Post by Yesterday » Thu May 05, 2022 1:47 pm

This is from my daily devotional for May 5th written by Eleanor White.

Pardon and Acceptance

For with what judgment ye judge, ye shall be judged: and with what measure ye mete, it shall be measured to you again. Matthew 7:2.

We can receive forgiveness from God only as we forgive others. It is the love of God that draws us unto Him, and that love cannot touch our hearts without creating love for our brethren.

After completing the Lord's Prayer, Jesus added: "If ye forgive men their trespasses, your heavenly Father will also forgive you: but if ye forgive not men their trespasses, neither will your Father forgive your trespasses." Matthew 6:14, 15. He who is unforgiving cuts off the very channel through which alone he can receive mercy from God. We should not think that unless those who have injured us confess the wrong we are justified in withholding from them our forgiveness. It is their part, no doubt, to humble their hearts by repentance and confession; but we are to have a spirit of compassion toward those who have trespassed against us, whether or not they confess their faults.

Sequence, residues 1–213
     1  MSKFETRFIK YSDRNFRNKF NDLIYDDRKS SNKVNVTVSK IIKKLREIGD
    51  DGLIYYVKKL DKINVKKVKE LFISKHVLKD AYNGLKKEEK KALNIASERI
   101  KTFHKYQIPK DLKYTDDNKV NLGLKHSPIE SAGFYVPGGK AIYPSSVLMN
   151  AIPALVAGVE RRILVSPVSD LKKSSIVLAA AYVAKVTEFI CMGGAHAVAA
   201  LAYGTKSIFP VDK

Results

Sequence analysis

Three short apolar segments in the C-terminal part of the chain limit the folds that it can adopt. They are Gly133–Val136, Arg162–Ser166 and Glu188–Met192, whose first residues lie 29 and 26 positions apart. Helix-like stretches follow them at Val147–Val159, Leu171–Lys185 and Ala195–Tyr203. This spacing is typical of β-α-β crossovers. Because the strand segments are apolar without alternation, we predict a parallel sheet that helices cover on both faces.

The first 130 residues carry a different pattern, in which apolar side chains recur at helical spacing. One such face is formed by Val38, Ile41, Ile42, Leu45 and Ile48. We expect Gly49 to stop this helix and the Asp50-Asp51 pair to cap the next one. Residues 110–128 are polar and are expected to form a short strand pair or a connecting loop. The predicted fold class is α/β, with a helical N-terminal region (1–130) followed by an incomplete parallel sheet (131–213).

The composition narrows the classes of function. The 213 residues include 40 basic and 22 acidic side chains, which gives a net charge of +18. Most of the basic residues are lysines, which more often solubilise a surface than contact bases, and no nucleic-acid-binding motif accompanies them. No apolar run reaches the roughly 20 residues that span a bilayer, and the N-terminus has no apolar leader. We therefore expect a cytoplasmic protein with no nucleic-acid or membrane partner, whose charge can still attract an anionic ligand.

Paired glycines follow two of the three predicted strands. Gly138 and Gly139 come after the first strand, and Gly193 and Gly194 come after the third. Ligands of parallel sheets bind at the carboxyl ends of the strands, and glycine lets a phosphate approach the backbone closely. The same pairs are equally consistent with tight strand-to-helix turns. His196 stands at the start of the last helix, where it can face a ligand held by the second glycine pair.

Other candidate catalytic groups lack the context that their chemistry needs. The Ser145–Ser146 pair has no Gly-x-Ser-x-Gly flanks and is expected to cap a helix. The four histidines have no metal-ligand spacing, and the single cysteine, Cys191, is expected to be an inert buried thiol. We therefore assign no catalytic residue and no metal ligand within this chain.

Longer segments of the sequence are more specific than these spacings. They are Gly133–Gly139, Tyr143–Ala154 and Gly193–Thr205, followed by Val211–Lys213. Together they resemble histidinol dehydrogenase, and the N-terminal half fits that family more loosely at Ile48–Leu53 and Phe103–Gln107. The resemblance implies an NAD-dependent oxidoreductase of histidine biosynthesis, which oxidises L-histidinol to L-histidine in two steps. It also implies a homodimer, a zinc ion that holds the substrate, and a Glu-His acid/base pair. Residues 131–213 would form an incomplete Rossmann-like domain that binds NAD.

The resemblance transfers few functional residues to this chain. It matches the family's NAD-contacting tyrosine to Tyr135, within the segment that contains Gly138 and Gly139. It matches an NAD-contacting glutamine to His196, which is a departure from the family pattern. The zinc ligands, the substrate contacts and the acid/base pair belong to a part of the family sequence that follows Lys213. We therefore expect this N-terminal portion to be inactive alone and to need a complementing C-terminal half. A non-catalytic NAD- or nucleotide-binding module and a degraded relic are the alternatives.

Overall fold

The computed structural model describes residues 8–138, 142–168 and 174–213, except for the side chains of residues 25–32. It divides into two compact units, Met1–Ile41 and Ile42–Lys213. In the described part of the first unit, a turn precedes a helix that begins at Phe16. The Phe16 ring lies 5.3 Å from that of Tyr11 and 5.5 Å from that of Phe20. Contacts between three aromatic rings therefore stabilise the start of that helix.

Nothing can justify an unforgiving spirit. He who is unmerciful toward others shows that he himself is not a partaker of God's pardoning grace. In God's forgiveness the heart of the erring one is drawn close to the great heart of Infinite Love. The tide of divine compassion flows into the sinner's soul, and from him to the souls of others....

We are not forgiven because we forgive, but as we forgive. The ground of all forgiveness is found in the unmerited love of God, but by our attitude toward others we show whether we have made that love our own. Wherefore Christ says, "With what judgment ye judge, ye shall be judged."

Let Christ, the divine Life dwell in you and through you reveal the heaven-born love that will inspire hope in the hopeless and bring heaven's peace to the sin-stricken heart. As we come to God, this is the condition which meets us at the threshold, that, receiving mercy from Him, we yield ourselves to reveal His grace to others.

Neuroscience has discovered the health benefits of forgiveness I've recently learned. Another thread idea perhaps.